A partially enclosing cover 32 is utilized to prevent spill out of the molten metal and slurry S due to the stirring action imparted by the magnetic field of the motor stator 28. The cover 32 comprises a metal plate arranged above the manifold 20 and separated therefrom by a suitable ceramic liner 33. The cover 32 includes an opening 34 through which the molten metal flows into the mold cavity 14. Communicating with the opening 34 in the cover is a funnel 35 for directing the molten metal into the opening 34. A ceramic liner 36 is used to protect the metal funnel 35 and the opening 34. As the thixotropic metal slurry S rotates within the mold 11, cavity centrifugal forces cause the metal to try to advance up the mold wall 21. The cover 32 with its ceramic lining 33 prevents the metal slurry S from advancing or spilling out of the mold 11 cavity and causing damage to the apparatus 10. The funnel portion 35 of the cover 32 also serves as a reservoir of molten metal to keep the mold 11 filled in order to avoid the formation of a U-shaped cavity in the end of the casting due to centrifugal forces.
Situated directly above the funnel 35 is a downspout 37 through which the molten metal flows from a suitable furnace 38. A valve member 39 associated in a coaxial arrangement with the downspout 37 is used in accordance with conventional practice to regulate the flow of molten metal into the mold 11.
The furnace 38 may be of any conventional design, it is not essential that the furnace be located directly above the mold 11. In accordance with convention direct chill casting processing the furnace may be located laterally displaced therefrom and be connected to the mold 11 by a series of troughs or launders.
Referring again to FIG. 3, a further advantage of the rotary magnetic field stirring approach in accordance with this invention is illustrated. In accordance with the Flemings right-hand rule for a given current J in a direction normal to the plane of the drawing the magnetic flux vector B extends radially inwardly of the mold 11 and the magnetic stirring force vector F extends generally tangentially of the mold wall 21. This sets up within the mold cavity a rotation of the molten metal in the direction of arrow R which generates the desired shear for producing the thixotropic slurry S. The force vector F is also tangential to the heat extraction direction and is normal to the direction of dendrite growth. This maximizes the shearing of the dendrites as they grow.
It is preferred in accordance with this invention that the stirring force field generated by the stator 28 extend over the full solidification zone of molten metal and thixotropic metal slurry S. Otherwise the structure of the casting will comprise regions within the field of the stator 28 having a rheocast structure and regions outside the stator field tending to have a non-rheocast structure. In the embodiment of FIGS. 1 and 2 the solidification zone preferably comprises the sump of molten metal and slurry S within the mold 11 which extends from the top surface 40 to the solidification front 41 which divides the solidified casting 31 from the slurry S. The solidification zone extends at least from the region of the initial onset of solidification and slurry formation in the mold cavity 14 to the solidification front 41.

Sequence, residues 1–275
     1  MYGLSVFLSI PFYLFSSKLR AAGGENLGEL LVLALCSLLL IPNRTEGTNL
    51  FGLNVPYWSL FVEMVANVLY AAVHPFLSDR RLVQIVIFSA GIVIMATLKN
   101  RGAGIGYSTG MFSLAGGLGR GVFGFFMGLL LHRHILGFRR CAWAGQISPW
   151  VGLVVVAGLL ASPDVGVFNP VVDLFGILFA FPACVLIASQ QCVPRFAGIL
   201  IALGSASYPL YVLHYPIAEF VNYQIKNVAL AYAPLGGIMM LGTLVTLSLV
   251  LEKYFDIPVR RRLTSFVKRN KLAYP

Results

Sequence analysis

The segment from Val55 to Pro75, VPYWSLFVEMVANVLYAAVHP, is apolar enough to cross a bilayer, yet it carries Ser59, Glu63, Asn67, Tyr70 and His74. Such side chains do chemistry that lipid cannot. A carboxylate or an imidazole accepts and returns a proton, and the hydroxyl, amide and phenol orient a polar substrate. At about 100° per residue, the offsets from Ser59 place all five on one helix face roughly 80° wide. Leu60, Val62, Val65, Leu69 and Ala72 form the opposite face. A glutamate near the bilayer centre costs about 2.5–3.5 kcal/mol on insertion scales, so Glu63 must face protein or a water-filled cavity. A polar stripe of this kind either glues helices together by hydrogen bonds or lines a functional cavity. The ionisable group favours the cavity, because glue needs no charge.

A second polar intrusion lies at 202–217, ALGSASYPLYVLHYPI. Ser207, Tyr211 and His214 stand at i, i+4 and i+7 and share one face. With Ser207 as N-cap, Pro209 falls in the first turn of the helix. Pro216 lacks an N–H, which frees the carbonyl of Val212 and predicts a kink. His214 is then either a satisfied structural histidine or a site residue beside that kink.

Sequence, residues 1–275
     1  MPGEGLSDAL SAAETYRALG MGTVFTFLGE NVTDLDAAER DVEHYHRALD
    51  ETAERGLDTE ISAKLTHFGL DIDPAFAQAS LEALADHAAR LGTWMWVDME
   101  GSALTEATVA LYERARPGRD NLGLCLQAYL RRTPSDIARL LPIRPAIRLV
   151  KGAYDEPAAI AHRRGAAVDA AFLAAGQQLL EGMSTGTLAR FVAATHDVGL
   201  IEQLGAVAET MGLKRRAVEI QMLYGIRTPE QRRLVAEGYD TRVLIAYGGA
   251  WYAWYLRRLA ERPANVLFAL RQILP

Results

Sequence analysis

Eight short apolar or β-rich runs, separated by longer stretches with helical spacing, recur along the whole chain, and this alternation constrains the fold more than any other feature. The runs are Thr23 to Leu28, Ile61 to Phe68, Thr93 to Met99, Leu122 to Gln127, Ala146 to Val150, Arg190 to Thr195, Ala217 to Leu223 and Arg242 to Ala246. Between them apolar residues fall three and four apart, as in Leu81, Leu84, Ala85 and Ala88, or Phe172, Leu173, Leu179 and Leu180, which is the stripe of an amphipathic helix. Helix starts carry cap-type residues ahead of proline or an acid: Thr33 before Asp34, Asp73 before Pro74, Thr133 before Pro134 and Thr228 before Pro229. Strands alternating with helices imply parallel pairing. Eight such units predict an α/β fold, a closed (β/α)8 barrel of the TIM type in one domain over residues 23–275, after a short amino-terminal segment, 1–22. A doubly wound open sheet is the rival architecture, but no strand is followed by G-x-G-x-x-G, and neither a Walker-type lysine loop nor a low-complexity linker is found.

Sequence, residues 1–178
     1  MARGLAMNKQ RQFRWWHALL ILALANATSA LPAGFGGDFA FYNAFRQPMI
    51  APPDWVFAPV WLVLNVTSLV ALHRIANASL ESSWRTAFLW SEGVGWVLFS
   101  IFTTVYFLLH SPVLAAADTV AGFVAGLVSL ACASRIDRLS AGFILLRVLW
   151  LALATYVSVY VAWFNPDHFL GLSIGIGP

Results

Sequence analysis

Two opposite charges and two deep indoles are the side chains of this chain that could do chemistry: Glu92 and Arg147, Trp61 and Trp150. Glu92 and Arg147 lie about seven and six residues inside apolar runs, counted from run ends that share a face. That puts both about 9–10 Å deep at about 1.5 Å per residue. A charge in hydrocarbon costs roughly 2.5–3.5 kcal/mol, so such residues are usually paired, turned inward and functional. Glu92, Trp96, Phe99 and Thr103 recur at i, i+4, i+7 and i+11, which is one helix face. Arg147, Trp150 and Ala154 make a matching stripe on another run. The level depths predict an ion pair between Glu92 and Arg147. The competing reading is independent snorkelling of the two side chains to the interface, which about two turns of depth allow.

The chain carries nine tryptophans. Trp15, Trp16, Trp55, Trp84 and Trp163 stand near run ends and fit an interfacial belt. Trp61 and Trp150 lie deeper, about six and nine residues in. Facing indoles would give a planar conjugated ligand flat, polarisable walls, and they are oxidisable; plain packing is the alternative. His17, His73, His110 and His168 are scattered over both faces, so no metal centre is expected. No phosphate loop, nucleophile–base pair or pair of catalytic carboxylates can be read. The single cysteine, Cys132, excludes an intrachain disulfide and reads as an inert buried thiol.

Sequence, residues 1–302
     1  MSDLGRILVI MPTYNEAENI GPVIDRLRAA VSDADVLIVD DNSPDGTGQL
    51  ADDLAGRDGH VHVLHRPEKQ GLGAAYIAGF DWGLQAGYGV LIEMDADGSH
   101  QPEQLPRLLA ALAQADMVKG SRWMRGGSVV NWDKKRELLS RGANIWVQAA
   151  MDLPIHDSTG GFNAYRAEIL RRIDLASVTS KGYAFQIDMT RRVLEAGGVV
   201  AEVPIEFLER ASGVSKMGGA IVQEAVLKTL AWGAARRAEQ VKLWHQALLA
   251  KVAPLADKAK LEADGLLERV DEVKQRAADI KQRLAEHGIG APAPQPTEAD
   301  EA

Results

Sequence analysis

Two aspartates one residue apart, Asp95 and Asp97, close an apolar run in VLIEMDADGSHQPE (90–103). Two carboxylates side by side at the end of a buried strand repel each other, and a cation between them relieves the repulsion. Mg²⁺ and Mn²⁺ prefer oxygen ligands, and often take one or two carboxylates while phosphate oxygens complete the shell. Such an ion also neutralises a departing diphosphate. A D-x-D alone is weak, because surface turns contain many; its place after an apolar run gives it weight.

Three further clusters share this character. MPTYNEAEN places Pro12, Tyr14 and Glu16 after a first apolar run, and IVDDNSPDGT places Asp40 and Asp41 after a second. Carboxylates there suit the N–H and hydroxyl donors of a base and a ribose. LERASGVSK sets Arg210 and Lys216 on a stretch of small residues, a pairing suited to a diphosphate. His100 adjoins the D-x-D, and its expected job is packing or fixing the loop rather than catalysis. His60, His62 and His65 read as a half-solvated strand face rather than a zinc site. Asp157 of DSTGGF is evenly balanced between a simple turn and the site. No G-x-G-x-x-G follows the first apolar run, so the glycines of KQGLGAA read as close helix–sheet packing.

Under normal solidification conditions, the periphery of the ingot 31 will exhibit a columnar dendritic grain structure. Such a structure is undesirable and detracts from the overall advantages of the rheocast structure which occupies most of the ingot cross section. In order to eliminate or substantially reduce the thickness of this outer dendritic layer in accordance with this invention the thermal conductivity of the upper region of the mold 11 is reduced by means of a partial mold liner 42 formed from an insulator such as a ceramic. The ceramic mold liner 42 extends from the ceramic liner 33 of the mold cover 32 down into the mold cavity 14 for a distance sufficient so that the magnetic stirring force field of the two pole motor stator 28 is intercepted at least in part by the partial ceramic mold liner 42. The ceramic mold liner 42 is a shell which conforms to the internal shape of the mold 11 and is held to the mold wall 21. The mold 11 comprises a duplex structure including a low heat conductivity upper portion defined by the ceramic liner 42 and a high heat conductivity portion defined by the exposed portion of the mold wall 21.